Melbourne’s outer metropolitan suburbs are some of the fastest growing in Australia and include highly diverse populations that are also affected by financial stress and where residents often have long commute times, with less access to local employment.

These people need to be able to readily access infrastructure to help them literally build new communities.

Looking at the map, the sparse and dotted picture outside the more established inner suburbs suggests that libraries, community centres and neighbourhood houses at the periphery are all serving large areas.

How can people ‘bump’ into their neighbours if they are travelling long distances to attend a class or use the library?

In contrast, the map shows that those living in the inner suburbs can more easily access a range of community-building infrastructure and these places are likely made even more accessible through the increased availability of inner-city public transport.

Growth areas need bumping spaces

The mapped data highlights disparities between established areas and growth areas that are likely occurring internationally. However, these disparities may be particularly significant for Melbourne which is growing rapidly, becoming home to people from areas across the globe.

This means Melbourne suburbs must work hard to grow community belonging, cohesion and multicultural understanding.

Our recent study found that diverse residents of Melbourne’s outer metro reported three main barriers to social connection: having few opportunities to work locally; difficulties and anxiety from being misunderstood due to language or culture; and challenges in finding like-minded people.

Some new residents said they had met other locals at the library or skatepark, through local employment or volunteering, or being invited to join a group by a neighbour or community development worker.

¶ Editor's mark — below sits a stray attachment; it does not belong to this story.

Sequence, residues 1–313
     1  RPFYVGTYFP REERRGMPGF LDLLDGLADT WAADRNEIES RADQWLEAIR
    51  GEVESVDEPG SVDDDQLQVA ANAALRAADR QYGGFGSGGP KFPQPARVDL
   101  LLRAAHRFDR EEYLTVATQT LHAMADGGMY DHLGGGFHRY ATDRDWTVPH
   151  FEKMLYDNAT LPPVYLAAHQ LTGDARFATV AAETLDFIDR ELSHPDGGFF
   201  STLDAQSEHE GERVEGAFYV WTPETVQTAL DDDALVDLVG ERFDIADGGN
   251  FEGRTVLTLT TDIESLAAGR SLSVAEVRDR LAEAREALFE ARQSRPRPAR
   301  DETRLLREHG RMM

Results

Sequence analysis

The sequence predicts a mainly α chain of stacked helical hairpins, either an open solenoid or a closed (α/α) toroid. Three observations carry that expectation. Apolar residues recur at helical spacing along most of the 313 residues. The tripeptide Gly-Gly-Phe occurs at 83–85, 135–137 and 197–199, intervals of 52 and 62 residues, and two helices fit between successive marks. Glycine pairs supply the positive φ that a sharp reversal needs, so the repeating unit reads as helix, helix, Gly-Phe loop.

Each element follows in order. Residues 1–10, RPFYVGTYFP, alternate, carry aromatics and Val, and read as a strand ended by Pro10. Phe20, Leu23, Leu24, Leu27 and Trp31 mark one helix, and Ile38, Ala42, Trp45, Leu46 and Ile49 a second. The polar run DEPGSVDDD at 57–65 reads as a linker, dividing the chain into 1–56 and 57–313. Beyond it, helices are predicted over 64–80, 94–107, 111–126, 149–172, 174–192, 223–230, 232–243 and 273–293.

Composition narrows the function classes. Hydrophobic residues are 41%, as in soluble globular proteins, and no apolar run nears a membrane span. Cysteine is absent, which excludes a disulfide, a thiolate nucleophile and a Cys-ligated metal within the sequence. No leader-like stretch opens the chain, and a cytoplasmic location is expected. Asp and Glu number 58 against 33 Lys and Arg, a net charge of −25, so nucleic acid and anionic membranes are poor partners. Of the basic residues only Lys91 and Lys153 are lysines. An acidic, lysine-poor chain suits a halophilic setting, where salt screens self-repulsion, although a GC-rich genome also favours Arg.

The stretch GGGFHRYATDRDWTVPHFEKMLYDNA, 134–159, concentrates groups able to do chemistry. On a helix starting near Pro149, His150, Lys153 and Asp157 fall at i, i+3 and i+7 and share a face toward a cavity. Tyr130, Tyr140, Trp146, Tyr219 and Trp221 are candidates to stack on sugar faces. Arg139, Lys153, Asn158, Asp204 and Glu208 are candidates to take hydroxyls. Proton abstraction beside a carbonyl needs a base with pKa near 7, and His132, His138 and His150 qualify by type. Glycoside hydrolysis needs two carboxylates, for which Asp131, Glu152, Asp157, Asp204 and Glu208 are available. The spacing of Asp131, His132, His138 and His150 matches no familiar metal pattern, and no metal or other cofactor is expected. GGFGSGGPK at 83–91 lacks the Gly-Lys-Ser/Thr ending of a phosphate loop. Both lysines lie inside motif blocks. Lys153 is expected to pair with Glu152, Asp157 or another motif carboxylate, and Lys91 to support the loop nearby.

However, people who worked found it hard to access activities near home as places might be closed or feel unsafe during the evenings.

We’ve heard of food deserts without access to shops that sell healthy food, but maybe we should also be talking about ‘social connection deserts’, where people are isolated through lack of access to vital social provisions.

One of the problems we have as social connection researchers is a lack of good data. Knowing where the community-building spaces are is difficult enough, but we also want to know what social connection happens there.

This is an international problem, and we have an opportunity in Melbourne to be pioneers at generating good quality social connection data through a collaboration of researchers, government and community organisations.

Meanwhile, there is something we can all do – get out and use our local community-building spaces.

This is important. By joining a class, going to a talk or event, or even just borrowing a book, you will be supporting these vital places – they will increase their services, open longer hours and maybe new centres will be built closer to where you live.

You’ll get lots of personal benefits, too – who knows, you might even make a new friend or two.

Map of the Month is a science communication project of the University of Melbourne (Melbourne Centre for Cities, AURIN, Melbourne Data Analytics Platform and Pursuit) using maps to spark important policy conversations across metropolitan Melbourne. This pilot is supported by the Lord Mayor’s Charitable Foundation and in partnership with the Victorian Office for Suburban Development and the Municipal Association of Victoria. Academics, community leaders and government representatives from across Melbourne contribute to the maps and accompanying stories.

This month’s map was produced by Amanda Belton, Dr Emily Fitzgerald and Flavia Barar.

/Public Release. View in full here.